I have been involved with Heads Together for so long that I can’t remember the first year I went to camp! Many years later I walked part of the 100km walk for moral support and was chief massage therapist.
The following year, in 2016, Kate convinced me to walk the full 100km. I thought it couldn’t be that hard, how wrong I was. The worst part was the mental challenge, to not let that little voice inside my head tell me I was not able to finish. The pain I went through was nothing compared to what Heads Together families face on a day to day basis and that’s what kept me going.
The 2017 walk was bigger and better with lots of new walkers and a new route. It was such an inspiration having Andrew Bruce and his family join us for the weekend and the Patford family get involved on Sunday. Having Heads Together families join us showed everyone what you can do if you put your mind to it.
The power of numbers made a huge difference in the motivation to finish. I think we would have carried Andrew over the finish line if we had to. It also allowed everyone to walk at their own pace and you never felt like you had to keep up. Luckily this was the case as none of us could ever keep up with Suzy, she was a machine.
For me, my second year was definitely easier than the first. So, everyone who walked this year, you have to come back again next year, I promise it gets easier.
It started with the sudden loss of my Dad and the lightbulb that switched on when I realised that the people who I felt most comfortable with were the families I was working as a kids physio at Vic Rehab, who had also experienced loss and trauma and who just “got it” they knew what to say and how to be.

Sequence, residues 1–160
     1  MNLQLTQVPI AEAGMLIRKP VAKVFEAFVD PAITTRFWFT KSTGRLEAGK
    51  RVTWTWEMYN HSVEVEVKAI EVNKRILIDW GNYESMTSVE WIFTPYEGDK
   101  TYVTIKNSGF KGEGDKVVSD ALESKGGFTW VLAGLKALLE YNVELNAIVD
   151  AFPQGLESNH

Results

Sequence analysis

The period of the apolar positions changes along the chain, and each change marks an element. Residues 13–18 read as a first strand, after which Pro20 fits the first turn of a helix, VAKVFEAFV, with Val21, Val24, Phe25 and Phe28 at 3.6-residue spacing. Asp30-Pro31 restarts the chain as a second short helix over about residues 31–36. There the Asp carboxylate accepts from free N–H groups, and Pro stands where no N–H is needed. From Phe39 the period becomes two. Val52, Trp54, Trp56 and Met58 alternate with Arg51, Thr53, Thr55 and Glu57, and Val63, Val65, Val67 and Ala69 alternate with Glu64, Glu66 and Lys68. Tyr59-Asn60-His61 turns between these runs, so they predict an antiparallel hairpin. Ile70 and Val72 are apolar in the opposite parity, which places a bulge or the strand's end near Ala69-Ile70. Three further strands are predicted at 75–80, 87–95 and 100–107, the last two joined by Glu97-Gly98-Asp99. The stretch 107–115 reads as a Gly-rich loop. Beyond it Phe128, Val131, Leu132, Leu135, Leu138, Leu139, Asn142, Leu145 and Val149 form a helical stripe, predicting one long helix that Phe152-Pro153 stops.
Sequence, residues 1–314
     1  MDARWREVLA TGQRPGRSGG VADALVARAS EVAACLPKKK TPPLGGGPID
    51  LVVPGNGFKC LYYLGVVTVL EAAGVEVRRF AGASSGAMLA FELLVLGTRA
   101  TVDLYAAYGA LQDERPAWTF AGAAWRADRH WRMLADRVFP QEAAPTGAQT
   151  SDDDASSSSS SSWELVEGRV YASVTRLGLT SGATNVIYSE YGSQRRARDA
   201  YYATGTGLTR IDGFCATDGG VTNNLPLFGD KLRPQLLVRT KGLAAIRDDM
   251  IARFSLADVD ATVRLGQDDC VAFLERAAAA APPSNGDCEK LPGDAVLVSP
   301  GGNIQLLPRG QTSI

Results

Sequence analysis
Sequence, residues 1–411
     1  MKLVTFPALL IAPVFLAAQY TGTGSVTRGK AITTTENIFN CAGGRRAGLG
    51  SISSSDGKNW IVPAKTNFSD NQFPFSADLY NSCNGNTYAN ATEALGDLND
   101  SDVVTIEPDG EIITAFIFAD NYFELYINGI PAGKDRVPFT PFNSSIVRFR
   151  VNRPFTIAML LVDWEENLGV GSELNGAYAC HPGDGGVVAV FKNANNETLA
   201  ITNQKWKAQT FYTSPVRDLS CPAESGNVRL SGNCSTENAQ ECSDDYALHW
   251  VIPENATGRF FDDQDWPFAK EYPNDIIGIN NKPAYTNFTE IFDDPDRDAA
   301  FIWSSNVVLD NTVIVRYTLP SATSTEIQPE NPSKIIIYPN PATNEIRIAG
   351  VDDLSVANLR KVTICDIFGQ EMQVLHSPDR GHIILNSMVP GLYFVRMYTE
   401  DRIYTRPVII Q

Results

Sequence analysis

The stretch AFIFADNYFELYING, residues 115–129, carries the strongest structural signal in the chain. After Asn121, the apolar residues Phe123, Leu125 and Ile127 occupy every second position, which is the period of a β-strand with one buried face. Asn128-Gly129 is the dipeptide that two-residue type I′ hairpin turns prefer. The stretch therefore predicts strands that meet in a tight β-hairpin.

It made me think why aren’t we bringing these families together, they are the very best people to be supporting each other, through this experience of ABI that no one else can possibly understand
Then I started getting other heads together, I shared my idea with other passionate people and I found Cath Bucolo who had been busy building a network for young people with an ABI. Our ideas connected and we brought together some families who we were working with and Heads Together Camp was born.
From the start is was about respect, listening to families and what they needed and wanted, it was about putting families first and understanding that they were the experts and we were the ones who needed to learn.
It was about courage, about trying something new and putting yourself out there and believing in the team you were part of. It was about the courage of our first families, people like the McKirdy’s whose kids are all here today as part of our volunteer team. They were 3, 8 and 11 when they first came to camp, and they’ve all been the backbone of our camp kids ever since. It was also about the courage of our first volunteers, like Aaron Purnell, who was our first ABI volunteer and who went from being a 21year old coping with an ABI to becoming a peer mentor and amazing sounding board for parents at camp to finally have someone to talk to about the possibilities for their kids in the future.